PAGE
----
Three Tips for a Better Backcast

Written by: Tim Linehan

English casting instructor Alex Titov demonstrates the high rod stop, with the rod pointing straight upward, and he’s watching the line unfurl behind him, so he knows when to begin his forward cast.

photo via Alex Flyfishing

If you’re looking to improve your cast, start by perfecting your backcast. Here are three tips that will help you accomplish a better backcast and therefore, a better cast in general.

1. Start with the rod tip pointed down at the water. This allows the rod to move through a more complete motion, which provides it with more kinetic energy. Conversely, if you start the rod parallel with the water, you have decreased the backcast stroke dramatically, resulting in a decrease of potential kinetic energy, as well.

2. Stop your backcast with the tip of the rod pointed straight upward. This is most important, since it allows the stored kinetic energy in the rod to flex the rod, which is the whole idea behind the casting stroke. Be careful to not break your wrist. And don’t over-think this one. It’s simple. Stop the backcast with the rod tip pointed straight up, or at your ear, or next to your temple, or whatever works for you to that end. But straight up is the key.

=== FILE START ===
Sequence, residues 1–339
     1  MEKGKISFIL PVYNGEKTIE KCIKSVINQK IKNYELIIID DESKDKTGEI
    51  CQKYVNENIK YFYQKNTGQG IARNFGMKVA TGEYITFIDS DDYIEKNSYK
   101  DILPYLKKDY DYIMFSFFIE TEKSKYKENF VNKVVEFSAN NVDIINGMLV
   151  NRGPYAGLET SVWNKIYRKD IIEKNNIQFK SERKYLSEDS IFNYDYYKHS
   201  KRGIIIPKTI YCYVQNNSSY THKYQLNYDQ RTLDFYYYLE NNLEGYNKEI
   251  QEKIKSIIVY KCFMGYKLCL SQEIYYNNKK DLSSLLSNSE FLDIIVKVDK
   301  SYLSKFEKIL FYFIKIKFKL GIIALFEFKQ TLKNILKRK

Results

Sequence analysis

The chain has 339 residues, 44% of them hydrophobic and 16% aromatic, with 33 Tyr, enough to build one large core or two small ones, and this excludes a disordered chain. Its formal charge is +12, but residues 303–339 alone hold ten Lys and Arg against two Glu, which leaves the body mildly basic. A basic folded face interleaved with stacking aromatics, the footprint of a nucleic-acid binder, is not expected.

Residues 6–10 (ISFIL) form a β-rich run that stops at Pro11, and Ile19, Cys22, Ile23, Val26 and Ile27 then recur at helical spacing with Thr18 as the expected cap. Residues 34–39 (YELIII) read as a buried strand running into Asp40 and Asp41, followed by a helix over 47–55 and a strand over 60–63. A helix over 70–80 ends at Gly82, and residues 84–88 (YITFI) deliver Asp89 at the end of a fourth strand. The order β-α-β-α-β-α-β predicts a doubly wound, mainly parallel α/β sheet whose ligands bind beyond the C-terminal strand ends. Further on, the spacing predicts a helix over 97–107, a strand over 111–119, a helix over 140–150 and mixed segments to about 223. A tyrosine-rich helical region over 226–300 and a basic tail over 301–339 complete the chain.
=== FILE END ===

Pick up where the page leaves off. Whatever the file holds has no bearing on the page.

3. Watch your backcast straighten out off the tip of the rod. This allows the rod to fully load for the forward cast and lets the line to achieve its proper speed relative to the energy in the rod.

By keeping these three tips in mind, your backcast will improve greatly and as a result, so will your forward cast.

Tim Linehan is the owner of Linehan Outfitting Co. on the Kootenai River in Troy, Montana.

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